This past year has witnessed a remarkable role reversal. After all, it was the United States that tutored and installed democracy in a devastated and divided Germany following the defeat of Adolf Hitler. The United States provided expertise, including that of German expatriates such as Carl Friedrich and others who helped draft the West German Constitution, the Grundgesetz. They laid the foundation for a successful democracy at a time when Germany had very few democrats and many had collaborated or actively supported the Nazi regime. The prospects for success seemed dim, but, unlike the failed Weimar Republic, the new republic had time to consolidate—not least because of the market-based economic recovery known as the Wirtschaftswunder. With the Cold War freezing Germany’s division into place, the country had 40 years to prepare for national reunification, a long, difficult, and still incomplete process of integrating 17 million East Germans who had not experienced democracy for almost 60 years.

Now, Germany is a model around the world and more favorably viewed in many countries than the United States, as shown by a recent Pew Research Center international survey. What lessons can Americans concerned about the current state and future of their democracy take from the German experience?

  • Limiting the role of private money: As Robert Kagan, Martin Wolf, and other commentators have argued, U.S. democracy is in deep trouble due to a number of structural changes. The most important of these has been the growth of social and economic inequality and the concentration of wealth among a small group of what would be called oligarchs in any other setting. The vulnerability of the system to large campaign donors and dark money has grown exponentially since the U.S. Supreme Court’s 2010 Citizens United decision, which allowed corporations and other outside groups to spend unlimited amounts on elections. Although Germany has experienced many campaign finance scandals in the past, most notably those that emerged at the end of the chancellorship of Helmut Kohl, it has maintained a fairly open, transparent, and limited campaign financing system mainly using public money. The country has avoided the scandals that have plagued the U.S. system.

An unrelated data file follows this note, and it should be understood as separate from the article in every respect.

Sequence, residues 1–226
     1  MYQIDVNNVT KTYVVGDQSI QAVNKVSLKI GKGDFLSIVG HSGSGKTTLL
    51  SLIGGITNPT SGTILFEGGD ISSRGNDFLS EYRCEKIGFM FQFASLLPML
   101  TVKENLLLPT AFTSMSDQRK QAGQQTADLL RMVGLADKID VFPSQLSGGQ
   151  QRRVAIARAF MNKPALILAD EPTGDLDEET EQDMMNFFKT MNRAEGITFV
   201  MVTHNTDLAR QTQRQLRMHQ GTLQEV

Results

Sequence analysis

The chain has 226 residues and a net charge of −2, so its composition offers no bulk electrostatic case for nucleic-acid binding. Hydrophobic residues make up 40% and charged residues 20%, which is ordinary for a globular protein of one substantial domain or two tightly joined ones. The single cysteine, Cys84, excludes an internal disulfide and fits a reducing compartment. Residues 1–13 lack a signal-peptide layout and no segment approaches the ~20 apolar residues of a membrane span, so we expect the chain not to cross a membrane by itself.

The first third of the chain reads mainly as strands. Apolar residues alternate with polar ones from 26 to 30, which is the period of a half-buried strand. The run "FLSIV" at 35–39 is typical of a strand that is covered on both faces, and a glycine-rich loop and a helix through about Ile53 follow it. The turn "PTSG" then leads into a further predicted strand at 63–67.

• The parliamentary system: One of the great systemic weaknesses of the U.S. system is what the historian Arthur Schlesinger Jr. called the “imperial presidency.” Presidential systems are more vulnerable to autocrats than parliamentarian democracies. The personalization of power and government is something Germans learned to avoid after their experience with the Hitler regime. What’s more, the German system of proportional representation, unlike the U.S. and British first-past-the-post alternatives, produces multiparty coalition governments that reward consensus and compromise. Rather than a separation of powers between legislature and executive, the division is between the parties in federal and state coalitions and those in opposition, allowing both functioning majorities and clear lines of responsibility. And this rewards centrism, as the major parties need to be able to cooperate with each other to form a government. Even opposition parties have a role in policymaking, as the chairs of Bundestag committees are apportioned among all the parties in parliament and not simply controlled by the majority. The Bundesrat—the upper house representing the ruling governments of Germany’s 16 states—adds another layer of necessary cross-party compromise.